Jewel-Osco brings back hunger relief campaign
ITASCA, Ill. — Jewel-Osco is looking to support Hunger Action Month by once again launching a campaign that will benefit multiple food banks in Illinois and Indiana.
The Give a Little, Feed a Lot campaign will benefit the Greater Chicago Food Depository, the Northern Illinois Food Bank and the Food Bank of Northwest Indiana, the Midwest Food Bank, the River Bend Foodbank and dozens of local pantries. During the campaign, customers can make monetary donations at store registers, as well as food contributions in specially marked bins. All donations will benefit the food banks and local pantries, the Supervalu banner said.
Last year, the Give a Little, Feed a Lot campaign raised more than $2 million in combined food and cash donations.
“Hunger relief is a top corporate social responsibility issue for our company,” Jewel-Osco president Brian Huff said. “So ‘Give a Little, Feed a Lot’ is a great opportunity for us to work with our food bank partners and others in the community, to help people in need in this challenging economy.”
In related news, Cub Foods, a Supervalu banner based in Minnesota, said it also would launch the Give a Little, Feed a Lot campaign to benefit Minnesota food pantries.
Rite Aid comps increase 2.5% in August
CAMP HILL, Pa. — Same-store sales at Rite Aid increased by 2.5% for the month of August compared with August 2010, the retail pharmacy chain said Thursday.
This included a 2.9% increase in front-end same-store sales — including 1.5% coming from sales related to Hurricane Irene — and a 2.3% increase in pharmacy same-store sales, offset by 132 basis points, due to new generic introductions.
Total drug store sales for the five-week period increased 2.5% to $2.4 billion, compared with $2.3 billion during the same period last year. Prescription revenue accounted for 68.2% of drug store sales, and third-party prescription revenue represented 96.4% of pharmacy sales.
New leadership era begins at Costco
ISSAQUAH, Wash. — Costco’s legendary co-founder Jim Sinegal is stepping down as CEO.
He plans to retire effective Jan. 1, at which time current president and COO Craig Jelinek will assume the top job. The company telegraphed the move back in February 2010 when Jelinek, 58, was given his current responsibilities so analysts took the news in stride when it was officially announced Thursday morning in conjunction with the release of sales results for the month, quarter and fiscal year ended Aug. 28. Sinegal, 75, and Jelinek have worked closely together during the past 18 months, according to the company, and Costco co-founder Jeffrey Brotman, 68, will continue to serve as chairman.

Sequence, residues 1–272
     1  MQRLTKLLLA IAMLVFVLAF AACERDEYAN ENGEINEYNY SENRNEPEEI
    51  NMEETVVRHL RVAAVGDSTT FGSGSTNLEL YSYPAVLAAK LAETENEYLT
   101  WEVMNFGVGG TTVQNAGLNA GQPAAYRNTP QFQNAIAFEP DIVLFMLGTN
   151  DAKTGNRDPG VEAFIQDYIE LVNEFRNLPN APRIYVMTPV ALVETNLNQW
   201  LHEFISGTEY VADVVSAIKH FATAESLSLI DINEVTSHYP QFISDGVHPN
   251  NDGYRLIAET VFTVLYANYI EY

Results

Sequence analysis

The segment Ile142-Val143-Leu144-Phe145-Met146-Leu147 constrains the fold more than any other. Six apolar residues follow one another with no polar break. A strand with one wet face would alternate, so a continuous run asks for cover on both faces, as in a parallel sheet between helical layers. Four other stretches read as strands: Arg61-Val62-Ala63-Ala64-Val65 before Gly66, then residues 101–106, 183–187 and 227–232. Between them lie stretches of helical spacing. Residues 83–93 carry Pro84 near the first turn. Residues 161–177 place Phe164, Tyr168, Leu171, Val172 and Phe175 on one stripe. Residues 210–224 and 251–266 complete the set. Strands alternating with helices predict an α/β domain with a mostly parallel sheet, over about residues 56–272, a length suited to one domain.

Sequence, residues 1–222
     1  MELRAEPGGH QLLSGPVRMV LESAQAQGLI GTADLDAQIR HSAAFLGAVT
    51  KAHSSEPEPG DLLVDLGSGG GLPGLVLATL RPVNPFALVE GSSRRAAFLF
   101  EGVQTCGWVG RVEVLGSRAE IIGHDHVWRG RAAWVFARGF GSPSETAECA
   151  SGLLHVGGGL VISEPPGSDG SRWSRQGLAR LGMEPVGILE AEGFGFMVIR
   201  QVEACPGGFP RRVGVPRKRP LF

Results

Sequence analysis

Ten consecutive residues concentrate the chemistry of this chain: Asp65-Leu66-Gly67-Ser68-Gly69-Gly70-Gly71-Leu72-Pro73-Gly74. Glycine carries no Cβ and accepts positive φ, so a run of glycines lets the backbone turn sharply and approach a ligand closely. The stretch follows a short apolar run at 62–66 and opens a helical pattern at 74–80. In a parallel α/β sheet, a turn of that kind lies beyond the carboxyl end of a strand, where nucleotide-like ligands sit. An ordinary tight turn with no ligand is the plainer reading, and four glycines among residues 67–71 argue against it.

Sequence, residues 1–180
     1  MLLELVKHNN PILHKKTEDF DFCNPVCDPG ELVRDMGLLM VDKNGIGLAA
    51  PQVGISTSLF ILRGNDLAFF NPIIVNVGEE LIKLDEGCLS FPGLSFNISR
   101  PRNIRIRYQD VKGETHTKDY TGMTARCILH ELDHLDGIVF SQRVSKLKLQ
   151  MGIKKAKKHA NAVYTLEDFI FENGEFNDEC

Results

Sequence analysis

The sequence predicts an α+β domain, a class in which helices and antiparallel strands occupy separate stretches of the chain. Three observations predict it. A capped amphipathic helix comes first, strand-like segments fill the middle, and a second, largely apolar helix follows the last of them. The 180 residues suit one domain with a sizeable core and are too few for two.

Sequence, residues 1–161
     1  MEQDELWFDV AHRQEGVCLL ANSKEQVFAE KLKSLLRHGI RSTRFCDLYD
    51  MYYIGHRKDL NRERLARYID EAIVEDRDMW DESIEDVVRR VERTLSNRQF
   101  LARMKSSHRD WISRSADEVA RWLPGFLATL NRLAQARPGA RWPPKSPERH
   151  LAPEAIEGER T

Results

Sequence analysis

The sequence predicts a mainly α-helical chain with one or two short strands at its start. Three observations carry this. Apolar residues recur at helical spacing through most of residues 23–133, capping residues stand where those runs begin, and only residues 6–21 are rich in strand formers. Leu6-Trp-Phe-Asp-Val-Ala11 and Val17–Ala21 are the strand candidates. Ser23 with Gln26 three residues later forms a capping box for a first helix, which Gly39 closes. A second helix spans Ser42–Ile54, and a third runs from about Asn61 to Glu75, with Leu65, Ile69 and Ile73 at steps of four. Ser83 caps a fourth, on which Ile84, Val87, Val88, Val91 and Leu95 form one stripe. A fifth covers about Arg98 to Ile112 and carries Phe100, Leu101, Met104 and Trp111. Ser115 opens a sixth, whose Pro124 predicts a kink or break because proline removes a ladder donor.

The transition isn’t expected to result in any type of new strategic direction due to the fact that it is being made from a position of strength with Costco reporting some of its best financial results in years. In addition, Jelinek is a 28-year Costco veteran steeped in the company’s ways who began his Costco career as a warehouse manager in 1984, the year after Sinegal and Brotman founded the company. He has since served in every major role related to Costco’s business operations, most notably as EVP merchandising from 2004 until 2010, when he was given his current responsibilities and named to the Costco board. To further ensure a smooth transition, Sinegal will remain with Costco in an advisory capacity through January 2013 and in all likelihood will continue to serve on the company’s board as he will stand for reelection at the January 2012 shareholders’ meeting.
“I have total confidence in Craig’s ability to handle his new responsibilities and feel we are fortunate as a company to have an executive of his caliber to succeed me as chief executive of Costco,” Sinegal said in a prepared statement.
News of the leadership transition overshadowed Costco’s otherwise solid sales results for August and its fiscal year ended Aug. 28. The company said sales for the month increased 17% to $6.9 billion for the four-week period ended Aug. 28. Results were aided by inclusion of sales from a Mexican joint venture without which the sales gain would have been 14%. For the year, sales increased 14% to $87 billion or by a less 11% if Mexican joint venture results are excluded.
Same-store sales for August, excluding gas, rose 6% in the United States. For the quarter and the full year comps increased 6% and 5%, respectively. Internationally, same-store sales on a constant currency basis and excluding gas increased 11% in August and 10% for the company’s fourth quarter and fiscal year. The company plans to report fourth quarter and fiscal year results on Oct. 5.
Costco ended its year with a total of 592 clubs, including 429 in the U.S., 82 in Canada, 32 in Mexico, 22 in the United Kingdom, nine in Japan, seven in Korea, eight in Taiwan and three in Australia.